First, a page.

Waking up as my alarm goes off. Hitting the snooze button, my mind drifting lazily around the idea of handling our emotions as Christians. An extension of my interrupted dream. (I know I’m weird, even in my dreaming.) A thought: Express the truth of what you feel, but face the truth of what is real.
Our God is a God of truth (John 14:6). His desire is for us to become more like Him in this life, until we’re transformed into His likeness in the next (Romans 12:2, 2 Corinthians 3:18, 1 John 3:2). That means being truthful in all we do, including honestly admitting and expressing our emotions. But it doesn’t stop there. We also need to face the truth, the reality, of how our emotional venting impacts others.
Our American culture stresses the first half. Express the truth of what you feel. Let it all hang out. If I feel it, then I have a right, even a need, to reveal it. Don’t worry about how it might affect others.
My dad bought into this proclamation of modern psychology. It would be disastrous to suppress any emotions. It would lead to ulcers, heart attacks, assaults on your mental health. So Dad blew up if he felt like blowing up. He criticized, he ridiculed, he scorned. It made him feel better, at least temporarily, so it must be the right thing to do. Express the truth of what you feel. Where’s the harm in that? (To give him full credit, he also freely demonstrated his tender heart toward our family and toward people everywhere who were hurting.)
The harm is in the pain it causes others. Dad never faced the truth of what is real—the extreme selfishness of this approach. It cares only for the one doing the expressing. It denies the needs of those who are being wounded. It doesn’t lead to greater maturity for the one spouting off or to greater peace and deeper relationships with the world around him. Should we be surprised that, decades after this philosophy became the accepted approach to life in America, our country is being torn apart by division and violence?
Evangelically-correct Christians go to the opposite extreme. They recognize the reality: my anger, envy, or criticism hurts those around me. By contrast, patience, kindness, gentleness, and self-control are the fruit of the Spirit (Galatians 5:22-23). This is the transformation that God works inside us as we grow in Him. These are the characteristics that heal the hurts of the world, that lead to a lasting peace and healthy relationships with others.
However, these believers tend to deny the first half of how to handle emotions. There can be no expressing the truth of what you feel. If it doesn’t conform to the fruit of the Spirit, the only way it should come out in our relationships should be in admitting that such feelings are wrong. Anger must be suppressed or confessed as sin, never honestly revealed to others. But lack of honesty, no matter how well-intentioned, keeps others at a distance. It can never bring about greater understanding between two people.
My little rhyming thought is another way of phrasing the biblical idea of speaking the truth in love (Ephesians 4:15). Speak the truth—express the truth of what you feel. But do it in love—face the truth of what is real. Find the balance. My basic nature leads me to err on both sides. I don’t want to reveal my deepest thoughts and feelings unless I know someone very, very well. I could be rejected or misunderstood. Safer to keep it inside.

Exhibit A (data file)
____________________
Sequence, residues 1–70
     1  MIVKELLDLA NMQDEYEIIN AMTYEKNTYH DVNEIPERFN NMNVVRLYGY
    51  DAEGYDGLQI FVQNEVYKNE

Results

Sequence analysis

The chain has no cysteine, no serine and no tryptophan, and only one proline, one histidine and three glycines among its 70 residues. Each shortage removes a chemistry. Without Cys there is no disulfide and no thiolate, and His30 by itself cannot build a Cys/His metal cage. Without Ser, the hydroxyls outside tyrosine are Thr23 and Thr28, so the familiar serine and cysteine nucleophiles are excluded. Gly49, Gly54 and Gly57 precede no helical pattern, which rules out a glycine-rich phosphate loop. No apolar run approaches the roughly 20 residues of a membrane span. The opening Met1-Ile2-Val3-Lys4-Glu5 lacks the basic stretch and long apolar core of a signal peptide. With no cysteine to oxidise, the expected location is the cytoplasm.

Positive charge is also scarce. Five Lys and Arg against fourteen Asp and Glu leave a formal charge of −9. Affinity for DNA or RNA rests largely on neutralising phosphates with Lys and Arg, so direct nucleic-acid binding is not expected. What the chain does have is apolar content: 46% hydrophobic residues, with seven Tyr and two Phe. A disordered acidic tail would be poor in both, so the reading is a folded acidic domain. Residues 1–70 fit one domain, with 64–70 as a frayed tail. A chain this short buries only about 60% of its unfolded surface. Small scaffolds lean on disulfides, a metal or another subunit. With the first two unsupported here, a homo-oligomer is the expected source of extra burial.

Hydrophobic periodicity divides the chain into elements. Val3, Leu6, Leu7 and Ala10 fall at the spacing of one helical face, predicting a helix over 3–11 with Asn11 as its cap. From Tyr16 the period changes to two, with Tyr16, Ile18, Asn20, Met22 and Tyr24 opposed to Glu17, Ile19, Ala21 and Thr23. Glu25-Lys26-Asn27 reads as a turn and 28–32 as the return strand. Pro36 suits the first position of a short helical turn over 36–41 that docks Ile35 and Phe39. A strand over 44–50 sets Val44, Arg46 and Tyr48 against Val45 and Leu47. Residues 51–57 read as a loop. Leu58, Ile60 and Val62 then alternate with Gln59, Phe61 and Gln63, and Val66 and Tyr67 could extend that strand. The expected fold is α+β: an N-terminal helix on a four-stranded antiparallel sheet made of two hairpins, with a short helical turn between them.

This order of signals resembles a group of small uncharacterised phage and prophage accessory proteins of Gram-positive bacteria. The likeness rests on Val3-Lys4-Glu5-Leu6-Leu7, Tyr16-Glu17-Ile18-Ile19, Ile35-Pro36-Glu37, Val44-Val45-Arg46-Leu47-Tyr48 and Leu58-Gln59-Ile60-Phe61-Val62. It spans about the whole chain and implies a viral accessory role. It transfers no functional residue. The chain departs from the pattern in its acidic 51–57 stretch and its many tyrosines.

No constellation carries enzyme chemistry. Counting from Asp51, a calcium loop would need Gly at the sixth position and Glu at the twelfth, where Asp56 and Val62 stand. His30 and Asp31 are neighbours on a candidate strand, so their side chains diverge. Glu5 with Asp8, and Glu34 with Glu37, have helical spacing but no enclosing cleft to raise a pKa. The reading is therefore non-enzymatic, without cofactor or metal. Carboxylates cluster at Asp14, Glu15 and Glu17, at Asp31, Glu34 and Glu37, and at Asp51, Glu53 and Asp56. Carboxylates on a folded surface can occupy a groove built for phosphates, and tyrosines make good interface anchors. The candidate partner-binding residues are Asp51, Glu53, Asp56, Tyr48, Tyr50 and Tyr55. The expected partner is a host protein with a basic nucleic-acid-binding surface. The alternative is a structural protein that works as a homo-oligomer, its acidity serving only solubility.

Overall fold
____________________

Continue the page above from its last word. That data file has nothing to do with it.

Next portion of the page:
And it’s a challenge to speak the truth about any emotional subject with loving words. If I’m angry, if someone has hurt me, I don’t want to have to stop and think about how to show that in a way that takes their needs into account. This two-sided process is an area where I could see God growing me even as a baby Christian, but it doesn’t come naturally.
When I was in college and the suicidal depression hit, my emotions went to every extreme in the book. Anger, suspicion, jealousy, self-pity. How could I possibly express the truth of what I was feeling without wounding and alienating everyone around me? And without making a total fool of myself by overreacting to everything? My initial response was to keep it all inside as my evangelically-correct training kicked in. It nearly destroyed me.
One of my big breakthroughs came when I openly communicated my feelings not to others, but to God. I learned to take it all to Him, pouring out my heart (Psalm 62:8), often through journaling. I could express the truth of how I felt, which was necessary and healthy, while facing the truth of what was real, of the ways I would hurt others if I just blew up every time I felt like I needed to. I also grew in my walk with God because, like the authors of the psalms of lament, facing God with my deepest feelings led to a greater understanding of who He really is.
When medication relieved the depression, I began to take what I’d learned from expressing myself to God and apply it to the greater challenge of expressing myself to others. I found that I could be more honest with them in ways that didn’t trample on their souls. It still isn’t the most automatic thing for me to do. I’d like to be so mature in my faith that this whole process would unfold without any conscious thought on my part. I’d experience the fruit of the Spirit every waking moment. I’d communicate every emotion in loving and considerate words.
Unfortunately, I’m not there yet. I’ve come a long way, but I’m still growing. And I thank God that He used a painful and difficult period in my life to teach me better ways to speak the truth in love.